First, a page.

WebMD News Archive
Medicines and supplements don’t prevent memory loss
Despite claims by makers of some medicines and supplements, there’s no evidence that they help prevent memory loss or problems with thinking clearly in healthy people. Some kinds of physical exercises may help more.
BMJ Group News
What do we know already?
Mild cognitive impairment is the name for the thinking or memory problems that can affect the mind as we get older. It’s not uncommon to have some trouble thinking or remembering things as we age. But mild cognitive impairment is when a person has more severe problems than would normally be expected in most people of the same age.
Between 10 in 100 and 25 in 100 people over the age of 70 are thought to have mild cognitive impairment. Around 10 in every 100 people with mild cognitive impairment will go on to have dementia. As we age as a society, there’s more interest in things healthy people can do to avoid having memory and thinking problems in later life. Lots of claims are made for different supplements and lifestyles, and it can be hard to know which, if any, might be helpful.
To try to get some answers, researchers looked at 32 good-quality studies of 38,000 adults with no cognitive impairment. These adults tried different medicines and non-medical treatments to try to prevent memory and thinking problems as they grew older.
What does the new study say?
The results showed that:
- Medicines weren’t helpful in preventing memory or thinking problems. The studies looked at various medicines, including drugs used to help the symptoms of dementia, hormones such as oestrogen and testosterone, blood pressure drugs, and anti-inflammatory drugs.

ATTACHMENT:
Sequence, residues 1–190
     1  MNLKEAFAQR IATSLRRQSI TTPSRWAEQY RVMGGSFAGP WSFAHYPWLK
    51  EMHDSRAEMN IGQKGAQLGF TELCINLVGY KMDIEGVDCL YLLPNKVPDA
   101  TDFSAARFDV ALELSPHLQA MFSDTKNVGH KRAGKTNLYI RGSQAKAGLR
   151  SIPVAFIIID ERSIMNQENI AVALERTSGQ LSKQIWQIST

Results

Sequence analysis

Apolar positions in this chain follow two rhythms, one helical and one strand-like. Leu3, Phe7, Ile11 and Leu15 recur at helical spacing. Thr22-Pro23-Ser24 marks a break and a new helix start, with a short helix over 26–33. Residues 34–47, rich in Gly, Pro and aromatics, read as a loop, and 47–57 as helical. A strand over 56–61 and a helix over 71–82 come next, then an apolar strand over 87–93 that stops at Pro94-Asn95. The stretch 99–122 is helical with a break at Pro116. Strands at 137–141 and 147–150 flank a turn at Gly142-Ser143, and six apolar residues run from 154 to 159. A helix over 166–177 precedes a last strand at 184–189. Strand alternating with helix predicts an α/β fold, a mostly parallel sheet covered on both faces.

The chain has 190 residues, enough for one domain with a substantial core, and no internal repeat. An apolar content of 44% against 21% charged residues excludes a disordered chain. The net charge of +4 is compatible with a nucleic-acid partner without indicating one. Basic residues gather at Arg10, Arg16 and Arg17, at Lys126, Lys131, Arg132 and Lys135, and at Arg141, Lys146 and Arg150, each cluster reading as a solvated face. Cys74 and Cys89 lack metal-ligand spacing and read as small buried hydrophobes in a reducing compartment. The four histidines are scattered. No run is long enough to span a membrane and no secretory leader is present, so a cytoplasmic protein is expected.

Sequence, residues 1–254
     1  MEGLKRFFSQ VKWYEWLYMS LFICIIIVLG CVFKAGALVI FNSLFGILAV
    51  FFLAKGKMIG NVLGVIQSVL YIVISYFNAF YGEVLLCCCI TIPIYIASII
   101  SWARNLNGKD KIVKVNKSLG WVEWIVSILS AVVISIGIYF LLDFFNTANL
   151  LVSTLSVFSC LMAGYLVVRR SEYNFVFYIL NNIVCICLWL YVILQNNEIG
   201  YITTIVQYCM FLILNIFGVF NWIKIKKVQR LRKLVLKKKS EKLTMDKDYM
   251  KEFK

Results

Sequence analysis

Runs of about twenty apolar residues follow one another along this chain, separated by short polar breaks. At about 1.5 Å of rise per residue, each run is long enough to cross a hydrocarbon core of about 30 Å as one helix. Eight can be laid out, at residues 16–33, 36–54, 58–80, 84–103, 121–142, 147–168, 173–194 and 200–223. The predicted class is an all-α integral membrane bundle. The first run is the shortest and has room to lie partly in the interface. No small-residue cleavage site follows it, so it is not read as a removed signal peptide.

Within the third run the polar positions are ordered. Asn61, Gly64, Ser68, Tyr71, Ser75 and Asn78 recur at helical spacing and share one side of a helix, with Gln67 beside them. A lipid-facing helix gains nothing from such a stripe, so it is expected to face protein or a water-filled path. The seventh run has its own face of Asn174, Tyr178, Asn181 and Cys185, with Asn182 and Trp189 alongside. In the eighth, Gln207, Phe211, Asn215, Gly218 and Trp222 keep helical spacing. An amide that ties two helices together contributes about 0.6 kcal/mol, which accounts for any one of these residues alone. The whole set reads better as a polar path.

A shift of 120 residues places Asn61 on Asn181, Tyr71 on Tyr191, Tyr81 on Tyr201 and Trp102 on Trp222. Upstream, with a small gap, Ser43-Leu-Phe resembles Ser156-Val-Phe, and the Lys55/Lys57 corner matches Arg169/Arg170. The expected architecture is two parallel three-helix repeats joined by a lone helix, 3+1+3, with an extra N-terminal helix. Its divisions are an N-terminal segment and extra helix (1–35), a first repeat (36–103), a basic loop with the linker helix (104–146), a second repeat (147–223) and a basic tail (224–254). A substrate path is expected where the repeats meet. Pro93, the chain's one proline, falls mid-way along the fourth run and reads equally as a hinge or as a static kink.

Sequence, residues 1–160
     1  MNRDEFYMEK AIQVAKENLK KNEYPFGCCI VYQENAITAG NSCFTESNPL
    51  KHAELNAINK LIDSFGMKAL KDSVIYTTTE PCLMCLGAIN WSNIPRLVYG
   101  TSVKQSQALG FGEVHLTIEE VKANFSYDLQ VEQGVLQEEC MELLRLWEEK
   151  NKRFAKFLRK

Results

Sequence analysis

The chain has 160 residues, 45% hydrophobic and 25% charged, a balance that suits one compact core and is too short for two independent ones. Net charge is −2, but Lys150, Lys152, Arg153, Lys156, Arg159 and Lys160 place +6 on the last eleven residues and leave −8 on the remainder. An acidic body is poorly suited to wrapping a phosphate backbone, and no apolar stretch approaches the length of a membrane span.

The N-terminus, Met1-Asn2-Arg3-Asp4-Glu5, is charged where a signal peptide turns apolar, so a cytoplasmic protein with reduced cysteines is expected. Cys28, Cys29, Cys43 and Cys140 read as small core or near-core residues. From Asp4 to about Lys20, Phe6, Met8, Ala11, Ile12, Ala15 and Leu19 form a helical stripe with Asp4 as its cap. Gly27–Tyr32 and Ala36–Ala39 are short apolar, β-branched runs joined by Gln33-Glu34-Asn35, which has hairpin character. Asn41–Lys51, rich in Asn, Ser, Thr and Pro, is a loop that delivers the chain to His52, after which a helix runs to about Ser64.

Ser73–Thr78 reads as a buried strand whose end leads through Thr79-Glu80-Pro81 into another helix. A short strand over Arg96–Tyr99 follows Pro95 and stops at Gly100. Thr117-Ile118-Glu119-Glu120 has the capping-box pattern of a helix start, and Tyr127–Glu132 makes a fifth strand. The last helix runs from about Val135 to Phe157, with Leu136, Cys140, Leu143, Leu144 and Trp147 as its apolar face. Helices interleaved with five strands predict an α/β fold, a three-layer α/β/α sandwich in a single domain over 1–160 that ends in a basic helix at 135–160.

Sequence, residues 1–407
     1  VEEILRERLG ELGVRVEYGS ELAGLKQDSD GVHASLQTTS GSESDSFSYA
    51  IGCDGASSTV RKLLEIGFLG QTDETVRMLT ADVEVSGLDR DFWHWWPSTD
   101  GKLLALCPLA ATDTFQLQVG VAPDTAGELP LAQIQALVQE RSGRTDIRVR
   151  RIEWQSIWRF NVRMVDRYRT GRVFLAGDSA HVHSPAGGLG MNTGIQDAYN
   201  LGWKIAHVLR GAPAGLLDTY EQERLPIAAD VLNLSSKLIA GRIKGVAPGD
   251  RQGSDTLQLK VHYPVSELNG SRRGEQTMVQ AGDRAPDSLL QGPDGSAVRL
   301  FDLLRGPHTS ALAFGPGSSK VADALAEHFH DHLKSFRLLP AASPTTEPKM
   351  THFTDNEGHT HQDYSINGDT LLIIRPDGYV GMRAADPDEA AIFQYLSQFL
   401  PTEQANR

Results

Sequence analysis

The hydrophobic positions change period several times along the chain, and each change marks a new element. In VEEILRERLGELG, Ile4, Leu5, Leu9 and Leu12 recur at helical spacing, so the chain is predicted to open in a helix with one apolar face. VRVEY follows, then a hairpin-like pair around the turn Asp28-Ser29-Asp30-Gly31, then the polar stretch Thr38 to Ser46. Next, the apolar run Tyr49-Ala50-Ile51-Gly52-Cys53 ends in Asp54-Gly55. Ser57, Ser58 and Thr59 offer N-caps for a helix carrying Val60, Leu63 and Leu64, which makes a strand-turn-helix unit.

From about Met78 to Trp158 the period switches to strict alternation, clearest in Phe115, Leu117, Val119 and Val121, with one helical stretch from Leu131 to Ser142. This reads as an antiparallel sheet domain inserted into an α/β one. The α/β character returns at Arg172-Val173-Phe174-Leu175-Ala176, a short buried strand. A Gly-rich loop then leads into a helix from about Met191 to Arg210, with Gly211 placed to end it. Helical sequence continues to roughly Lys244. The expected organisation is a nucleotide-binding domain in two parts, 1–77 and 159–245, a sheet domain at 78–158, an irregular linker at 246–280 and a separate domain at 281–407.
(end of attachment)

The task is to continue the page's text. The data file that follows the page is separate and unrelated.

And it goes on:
- Oestrogen and anti-inflammatory drugs were actually linked with increased memory problems and dementia.
- Supplements such as vitamins or ginkgo biloba didn’t help prevent memory or thinking problems.
- Making lifestyle changes to lower the risk of heart problems, such as losing weight or stopping smoking, didn’t have an effect on memory or thinking problems.
- Some kinds of physical exercise did improve memory in some tests. People who followed a programme of moderate- and high-intensity resistance training (lifting weights) with a professional trainer showed more improvement in their memory or thinking than people who just did gentle stretching.
- Mental training and exercises, most often using computer programs, did improve people’s memory. In some studies, the improvements lasted at least five years. But the improvements (of around 2 points on a 100-point scale) probably weren’t big enough to make a meaningful difference to what people can do in their everyday lives.
How reliable is the research?
All the studies included in the review were of a type called randomised controlled trials. In these trials, people are divided into groups that have different treatments. This is the best type of study to look at the effects of treatments. But some of the studies were small, lasted only a short time, or had problems with their design that may have affected how reliable the results are.
What does this mean for me?
This study shows that there may be no quick fixes to prevent otherwise healthy people getting memory problems as they get older. Some treatments can help the symptoms once these problems start, but there’s no evidence that taking any drugs or supplements can stop the problems from happening in the first place. For now, staying physically and mentally active seems to help more than anything else.